"When the two fathers in Ordet quarrel over the children whose marriage the older generation want to prevent because of religious differences, two mongrels can be heard fighting in the background. They justify their behaviour in The Name of the Father, not in terms of the paternity which is in fact their’s. The Symbolic Order places its stamp upon the real. Gertrud opposes them both by refusing to have any name, either that of her father, or that of her husband, cut upon her gravestone. All she allows is Amor Omnia. She wanted, finally, to be herself and only herself. The mirror that men had given her and that they had loved was a prop she found she no longer needed. Like many of Dreyer’s women, Gertrud is a statue, a memorial. Her demands are as absolute as the contours of the film, its spaces and the gestures of the figures in it are hard and angular. Her demands are too idealistic, a sign of their detour through men. But sometimes one can hear the rustle of the long dresses: some little intimacy is established. And then she travels off to Paris to study with Charcot, Freud’s teacher. The real name in the fictitious context operates as a breakthrough, which can be compared with the pictures of nature in Michael. An order, long valid, is challenged. Reality announces the appearance of a new dimension."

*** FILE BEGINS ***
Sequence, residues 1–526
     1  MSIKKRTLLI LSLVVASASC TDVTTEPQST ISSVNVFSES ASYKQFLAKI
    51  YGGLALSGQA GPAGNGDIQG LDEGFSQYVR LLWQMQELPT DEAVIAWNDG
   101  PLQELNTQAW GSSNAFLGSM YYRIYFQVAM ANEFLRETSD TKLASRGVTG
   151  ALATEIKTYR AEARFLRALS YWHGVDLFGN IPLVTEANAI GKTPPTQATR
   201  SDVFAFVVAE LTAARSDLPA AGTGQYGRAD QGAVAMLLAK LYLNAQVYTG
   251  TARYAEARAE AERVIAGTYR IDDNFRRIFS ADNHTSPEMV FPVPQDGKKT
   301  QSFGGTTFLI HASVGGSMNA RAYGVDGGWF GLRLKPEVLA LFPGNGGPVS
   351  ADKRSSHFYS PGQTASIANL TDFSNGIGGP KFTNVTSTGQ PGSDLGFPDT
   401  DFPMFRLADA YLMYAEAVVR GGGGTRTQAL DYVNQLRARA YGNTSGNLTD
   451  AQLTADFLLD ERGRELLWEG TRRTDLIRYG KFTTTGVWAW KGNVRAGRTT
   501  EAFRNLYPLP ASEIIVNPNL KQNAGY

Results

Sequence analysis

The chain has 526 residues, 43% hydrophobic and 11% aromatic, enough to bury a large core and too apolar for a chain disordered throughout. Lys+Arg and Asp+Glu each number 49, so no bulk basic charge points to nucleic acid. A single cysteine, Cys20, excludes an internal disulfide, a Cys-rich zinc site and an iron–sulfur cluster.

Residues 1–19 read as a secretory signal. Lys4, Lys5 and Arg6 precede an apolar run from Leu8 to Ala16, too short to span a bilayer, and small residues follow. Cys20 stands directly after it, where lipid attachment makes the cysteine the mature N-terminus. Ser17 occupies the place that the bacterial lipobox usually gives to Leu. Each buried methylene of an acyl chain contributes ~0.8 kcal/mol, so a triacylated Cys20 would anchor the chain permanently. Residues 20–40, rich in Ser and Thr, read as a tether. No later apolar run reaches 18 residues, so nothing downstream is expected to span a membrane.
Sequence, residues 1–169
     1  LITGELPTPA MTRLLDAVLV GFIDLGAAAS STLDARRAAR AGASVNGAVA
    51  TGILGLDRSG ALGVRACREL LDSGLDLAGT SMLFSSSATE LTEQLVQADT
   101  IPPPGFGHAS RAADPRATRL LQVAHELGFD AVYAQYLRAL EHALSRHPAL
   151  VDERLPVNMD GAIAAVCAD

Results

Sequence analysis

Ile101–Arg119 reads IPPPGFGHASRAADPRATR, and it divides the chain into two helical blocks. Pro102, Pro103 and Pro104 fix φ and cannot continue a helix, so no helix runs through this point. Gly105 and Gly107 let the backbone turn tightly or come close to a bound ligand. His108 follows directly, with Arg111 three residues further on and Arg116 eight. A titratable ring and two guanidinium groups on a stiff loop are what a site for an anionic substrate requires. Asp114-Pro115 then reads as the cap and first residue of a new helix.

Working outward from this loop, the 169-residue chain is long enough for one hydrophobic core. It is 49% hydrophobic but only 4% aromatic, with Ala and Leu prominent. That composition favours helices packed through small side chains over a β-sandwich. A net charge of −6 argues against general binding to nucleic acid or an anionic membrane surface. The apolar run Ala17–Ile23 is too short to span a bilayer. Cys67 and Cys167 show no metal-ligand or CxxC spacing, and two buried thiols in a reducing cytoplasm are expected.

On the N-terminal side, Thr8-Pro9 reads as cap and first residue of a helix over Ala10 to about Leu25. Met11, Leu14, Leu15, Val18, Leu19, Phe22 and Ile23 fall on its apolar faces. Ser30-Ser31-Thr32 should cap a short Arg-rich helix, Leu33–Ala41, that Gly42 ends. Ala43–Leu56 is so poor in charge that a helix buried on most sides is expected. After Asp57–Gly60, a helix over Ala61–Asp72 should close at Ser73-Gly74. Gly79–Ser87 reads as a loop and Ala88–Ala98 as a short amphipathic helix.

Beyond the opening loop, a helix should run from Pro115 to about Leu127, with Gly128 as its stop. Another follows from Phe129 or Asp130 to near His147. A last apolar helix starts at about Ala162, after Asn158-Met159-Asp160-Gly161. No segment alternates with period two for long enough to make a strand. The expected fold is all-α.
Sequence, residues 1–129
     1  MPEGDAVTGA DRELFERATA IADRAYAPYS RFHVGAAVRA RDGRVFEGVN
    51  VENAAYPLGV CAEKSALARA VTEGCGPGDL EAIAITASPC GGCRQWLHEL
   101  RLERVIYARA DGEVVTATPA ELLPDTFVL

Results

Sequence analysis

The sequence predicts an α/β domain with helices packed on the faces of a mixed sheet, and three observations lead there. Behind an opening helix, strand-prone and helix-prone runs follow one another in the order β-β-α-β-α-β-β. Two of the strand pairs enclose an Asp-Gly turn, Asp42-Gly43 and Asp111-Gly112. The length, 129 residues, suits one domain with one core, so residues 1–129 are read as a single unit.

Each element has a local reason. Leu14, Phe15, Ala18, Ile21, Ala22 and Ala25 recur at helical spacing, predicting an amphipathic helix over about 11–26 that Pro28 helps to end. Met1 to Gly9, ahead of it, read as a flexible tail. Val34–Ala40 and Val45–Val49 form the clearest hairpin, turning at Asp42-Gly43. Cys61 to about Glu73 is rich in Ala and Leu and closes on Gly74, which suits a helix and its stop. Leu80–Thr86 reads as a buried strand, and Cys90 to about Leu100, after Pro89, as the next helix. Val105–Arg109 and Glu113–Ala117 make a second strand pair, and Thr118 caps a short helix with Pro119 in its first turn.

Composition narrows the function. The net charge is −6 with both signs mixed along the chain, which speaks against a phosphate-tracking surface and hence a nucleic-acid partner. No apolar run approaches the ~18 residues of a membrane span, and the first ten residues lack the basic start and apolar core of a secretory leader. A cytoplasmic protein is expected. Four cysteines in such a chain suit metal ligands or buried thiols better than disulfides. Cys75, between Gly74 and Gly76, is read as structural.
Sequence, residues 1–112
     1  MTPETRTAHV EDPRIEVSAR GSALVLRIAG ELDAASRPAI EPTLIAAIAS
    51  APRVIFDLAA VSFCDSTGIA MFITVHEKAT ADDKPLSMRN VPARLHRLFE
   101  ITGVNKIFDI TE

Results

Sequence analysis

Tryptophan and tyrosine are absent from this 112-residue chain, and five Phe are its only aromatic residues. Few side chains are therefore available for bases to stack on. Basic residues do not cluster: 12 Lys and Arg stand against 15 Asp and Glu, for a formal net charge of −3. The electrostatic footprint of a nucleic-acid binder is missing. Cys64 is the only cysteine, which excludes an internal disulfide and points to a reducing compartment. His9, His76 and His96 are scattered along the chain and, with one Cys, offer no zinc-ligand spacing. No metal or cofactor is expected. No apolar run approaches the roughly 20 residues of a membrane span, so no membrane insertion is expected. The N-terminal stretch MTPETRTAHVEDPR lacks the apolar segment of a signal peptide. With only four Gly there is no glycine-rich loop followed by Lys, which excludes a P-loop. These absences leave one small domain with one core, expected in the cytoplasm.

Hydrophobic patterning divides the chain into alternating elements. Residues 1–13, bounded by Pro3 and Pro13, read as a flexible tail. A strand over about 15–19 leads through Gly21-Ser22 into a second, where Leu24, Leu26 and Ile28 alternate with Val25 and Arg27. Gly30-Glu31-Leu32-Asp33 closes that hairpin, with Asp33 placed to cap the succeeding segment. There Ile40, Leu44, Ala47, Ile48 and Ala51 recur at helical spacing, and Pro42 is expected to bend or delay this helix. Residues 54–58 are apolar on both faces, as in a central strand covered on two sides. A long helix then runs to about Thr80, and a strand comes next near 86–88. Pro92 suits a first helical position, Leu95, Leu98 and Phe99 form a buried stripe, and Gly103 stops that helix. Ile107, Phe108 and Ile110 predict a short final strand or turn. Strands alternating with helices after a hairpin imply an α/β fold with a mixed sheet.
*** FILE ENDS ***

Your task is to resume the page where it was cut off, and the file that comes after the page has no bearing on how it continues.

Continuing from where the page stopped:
-- Frieda Grafe, “Spiritual Men and Natural Women,” Süddeutsche Zeitung, 9/10 Feb. 1974. (Transl. by R. Mann, available in Mark Nash’s Dreyer, 1977).
"…Of Dreyer’s earlier films, though, the one that seems to illuminate best the persistence of his themes and the evolution of his style is Leaves From Satan’s Book (1919-21). To see this picture in the context of all his work is to understand Dreyer anew. Based on a novel by Marie Corelli, the film is Dreyer’s rather odd response to D.W. Griffith’s Intolerance. Like Griffith’s film, it tells four different stories, from four historical epochs, linked by a common moral theme. Griffith, with great self-confidence, cuts back and forth between the epochs, building up a dynamisism that not only thrills the audience but also drives it to accept his message. He’s like a tent preacher, or a Chautauqua showman, barraging the folks with gee-whiz facts till they yield to his point of view. If Dreyer labors to re-create each period, it’s from a much different motivation: skepticism. He present his epochs separately, as if acknowledging that historical accuracy is an illusion, which an be maintained only by keeping each story sealed off from the rest. Having been realized, the illusion is then abandoned, much as the film’s one continuing character takes on appearances and then throws them off again. This character—the only figure in Dreyer’s film to exhibit anything like Griffith’s moral certainty—is Satan himself, who shows up through the ages disguised as a Pharisee, the Grand Inquisitor, a Jacobin and a charismatic Russian monk."